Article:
Two months ago, I received an unexpected email from a friend who let me know that he had heard my piece ‘Sunset’, the penultimate track on my 2017 album Symphonic Minimalism, on Ken Bruce’s show on Radio 2 after the 11 o’clock news.
The piece had been played to show respect to Her Majesty the Queen who had sadly passed away the previous day. This was actually the second time ‘Sunset’ had featured on the Ken Bruce show, appearing previously on Remembrance Day in 2021.
It’s very simple, with a lyrical arching melody in the strings moving over slow-moving chordal harmonies in the lower brass. It’s an un-complicated piece in which the long unfolding melody is stated just once, slightly building as it progresses. It benefits from a beautiful performance by the Royal Philharmonic Orchestra recorded at Abbey Road.
‘Sunset’ was one of those few tracks I have composed extremely quickly and almost gave the illusion of it writing itself.
I had already completed most of the pieces for the Symphonic Minimalism album and wanted a track to fill up the session to take full advantage of the time we had. That said, many of the other tracks we were recording that day were very technically demanding, so I needed something, a filler track if you will, which wasn’t too challenging to play. The rare ease of composing it on this occasion almost seemed like a reward for the hard graft of writing the rest of the tracks. Normally my work is a culmination of a long and extensive process of revisions and re-revisions but relatively speaking ‘Sunset’ flowed out naturally, bar a little polishing of the orchestration before the recording.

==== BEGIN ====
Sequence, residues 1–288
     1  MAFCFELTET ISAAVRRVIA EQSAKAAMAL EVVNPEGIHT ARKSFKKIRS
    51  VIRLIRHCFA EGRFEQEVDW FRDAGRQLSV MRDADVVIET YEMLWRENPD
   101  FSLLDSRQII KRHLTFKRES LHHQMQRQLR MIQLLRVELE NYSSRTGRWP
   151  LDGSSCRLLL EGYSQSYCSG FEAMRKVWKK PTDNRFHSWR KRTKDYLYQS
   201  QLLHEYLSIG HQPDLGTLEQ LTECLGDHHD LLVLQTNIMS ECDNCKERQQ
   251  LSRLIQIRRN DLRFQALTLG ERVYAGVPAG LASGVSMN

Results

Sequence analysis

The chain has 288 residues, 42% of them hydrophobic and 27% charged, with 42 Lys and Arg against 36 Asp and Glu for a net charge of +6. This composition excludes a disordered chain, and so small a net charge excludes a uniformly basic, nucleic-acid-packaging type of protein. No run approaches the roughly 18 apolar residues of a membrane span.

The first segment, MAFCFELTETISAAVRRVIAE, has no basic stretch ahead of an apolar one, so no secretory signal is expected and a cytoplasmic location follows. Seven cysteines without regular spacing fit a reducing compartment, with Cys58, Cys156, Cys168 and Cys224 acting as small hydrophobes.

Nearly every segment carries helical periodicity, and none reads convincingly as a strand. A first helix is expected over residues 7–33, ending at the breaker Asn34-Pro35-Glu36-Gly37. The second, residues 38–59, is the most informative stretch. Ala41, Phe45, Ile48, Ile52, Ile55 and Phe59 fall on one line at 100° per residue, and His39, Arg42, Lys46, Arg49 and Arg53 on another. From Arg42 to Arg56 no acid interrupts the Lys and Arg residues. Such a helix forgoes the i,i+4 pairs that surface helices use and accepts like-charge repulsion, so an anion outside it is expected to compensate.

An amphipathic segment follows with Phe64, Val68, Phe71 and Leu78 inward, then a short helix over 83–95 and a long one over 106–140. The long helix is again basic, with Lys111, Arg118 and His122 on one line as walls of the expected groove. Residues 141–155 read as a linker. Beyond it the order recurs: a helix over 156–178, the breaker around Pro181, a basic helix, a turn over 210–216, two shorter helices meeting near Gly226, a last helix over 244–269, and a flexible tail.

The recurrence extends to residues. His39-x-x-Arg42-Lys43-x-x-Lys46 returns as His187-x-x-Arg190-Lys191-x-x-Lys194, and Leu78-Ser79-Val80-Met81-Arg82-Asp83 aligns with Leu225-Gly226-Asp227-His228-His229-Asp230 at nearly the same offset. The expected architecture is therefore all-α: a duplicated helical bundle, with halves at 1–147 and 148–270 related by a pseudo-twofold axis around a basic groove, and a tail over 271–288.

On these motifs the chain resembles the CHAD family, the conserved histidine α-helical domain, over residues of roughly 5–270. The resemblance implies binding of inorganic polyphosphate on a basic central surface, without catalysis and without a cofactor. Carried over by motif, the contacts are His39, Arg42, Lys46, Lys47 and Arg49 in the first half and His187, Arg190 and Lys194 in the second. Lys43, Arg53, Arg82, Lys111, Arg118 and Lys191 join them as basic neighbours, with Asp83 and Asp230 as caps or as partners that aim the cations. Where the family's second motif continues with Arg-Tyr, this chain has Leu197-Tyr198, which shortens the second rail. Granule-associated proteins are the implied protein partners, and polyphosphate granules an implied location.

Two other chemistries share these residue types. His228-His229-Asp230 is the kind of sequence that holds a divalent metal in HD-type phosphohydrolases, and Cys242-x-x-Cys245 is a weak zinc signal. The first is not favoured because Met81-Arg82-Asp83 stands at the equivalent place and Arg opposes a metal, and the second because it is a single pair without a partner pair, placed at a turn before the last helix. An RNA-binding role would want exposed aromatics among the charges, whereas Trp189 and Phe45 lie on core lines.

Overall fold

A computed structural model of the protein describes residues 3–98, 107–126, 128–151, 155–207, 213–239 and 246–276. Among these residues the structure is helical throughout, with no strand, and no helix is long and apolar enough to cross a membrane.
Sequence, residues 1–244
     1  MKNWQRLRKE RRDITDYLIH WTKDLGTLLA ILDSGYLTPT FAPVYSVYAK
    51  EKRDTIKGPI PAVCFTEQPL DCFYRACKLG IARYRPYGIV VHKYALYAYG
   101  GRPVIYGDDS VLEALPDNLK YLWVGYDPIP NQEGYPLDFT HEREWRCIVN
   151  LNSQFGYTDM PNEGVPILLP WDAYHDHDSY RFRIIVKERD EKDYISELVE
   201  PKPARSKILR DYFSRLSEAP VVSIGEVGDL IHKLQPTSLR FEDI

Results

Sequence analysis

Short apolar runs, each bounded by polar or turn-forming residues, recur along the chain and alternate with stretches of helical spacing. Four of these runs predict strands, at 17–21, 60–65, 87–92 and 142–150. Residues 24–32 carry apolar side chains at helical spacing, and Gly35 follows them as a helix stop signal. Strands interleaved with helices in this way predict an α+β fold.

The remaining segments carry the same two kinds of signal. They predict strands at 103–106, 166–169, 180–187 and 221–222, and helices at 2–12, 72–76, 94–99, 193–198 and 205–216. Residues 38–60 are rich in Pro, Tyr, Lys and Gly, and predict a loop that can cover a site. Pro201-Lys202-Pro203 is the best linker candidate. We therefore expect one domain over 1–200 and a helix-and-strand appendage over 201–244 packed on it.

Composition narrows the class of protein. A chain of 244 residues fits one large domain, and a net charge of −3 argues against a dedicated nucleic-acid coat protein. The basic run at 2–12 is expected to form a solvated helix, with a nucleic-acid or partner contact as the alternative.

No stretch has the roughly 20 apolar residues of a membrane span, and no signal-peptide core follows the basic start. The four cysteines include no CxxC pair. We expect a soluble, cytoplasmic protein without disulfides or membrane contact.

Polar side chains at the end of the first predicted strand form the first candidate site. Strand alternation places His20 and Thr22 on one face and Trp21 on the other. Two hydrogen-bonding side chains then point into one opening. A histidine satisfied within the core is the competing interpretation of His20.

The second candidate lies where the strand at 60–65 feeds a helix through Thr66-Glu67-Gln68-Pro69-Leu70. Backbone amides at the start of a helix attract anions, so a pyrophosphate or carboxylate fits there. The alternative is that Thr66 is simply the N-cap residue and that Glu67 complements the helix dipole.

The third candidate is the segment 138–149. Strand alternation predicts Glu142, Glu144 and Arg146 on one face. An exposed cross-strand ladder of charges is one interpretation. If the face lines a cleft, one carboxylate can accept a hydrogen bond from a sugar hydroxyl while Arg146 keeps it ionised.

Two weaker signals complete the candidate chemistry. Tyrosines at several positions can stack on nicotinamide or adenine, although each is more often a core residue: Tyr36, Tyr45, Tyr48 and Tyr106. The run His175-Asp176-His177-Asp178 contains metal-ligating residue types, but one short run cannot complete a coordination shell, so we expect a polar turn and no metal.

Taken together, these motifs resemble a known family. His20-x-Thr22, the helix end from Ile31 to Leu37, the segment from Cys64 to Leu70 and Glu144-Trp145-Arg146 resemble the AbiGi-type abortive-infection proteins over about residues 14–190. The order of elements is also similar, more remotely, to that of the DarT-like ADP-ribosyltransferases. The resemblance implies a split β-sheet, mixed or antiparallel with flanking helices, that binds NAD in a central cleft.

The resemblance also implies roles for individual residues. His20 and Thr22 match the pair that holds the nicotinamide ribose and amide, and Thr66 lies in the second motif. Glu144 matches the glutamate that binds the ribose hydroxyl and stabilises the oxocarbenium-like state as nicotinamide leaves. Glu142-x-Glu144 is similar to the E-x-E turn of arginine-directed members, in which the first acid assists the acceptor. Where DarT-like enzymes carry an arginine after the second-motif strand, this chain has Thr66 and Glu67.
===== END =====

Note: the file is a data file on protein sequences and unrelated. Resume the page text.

I very loosely modelled the track on some of the compositions of John Barry – a simple lyrical melodic style with an almost regal feel and beautiful orchestral sound. I was indeed imagining a sunset when I wrote it and had some sense of the piece having an ultimate warm, resigned, quiet finality about it. I resisted the temptation, which often exists with these types of pieces, in going too big with the orchestral sound, which I think contributed to its resonance in such sombre and dignified situations.
Continuing in its tradition of ease, the piece was recorded in one take – fortuitous because we only ended up having time to play it once through. It’s brilliant to see it being so successful and having a real life of its’ own away from the field of media music. Interesting too that the context of how it’s been played is so close to the one I envisioned when I wrote it, albeit on a slightly larger scale.
It is also exciting to note that there is a new Brass Band arrangement of ‘Sunset’ by Adam Taylor, being published by Cantatio Music. The arrangement has already been performed by The Haydock Band, directed by Mark Quinn at the Wychavon Festival of Brass.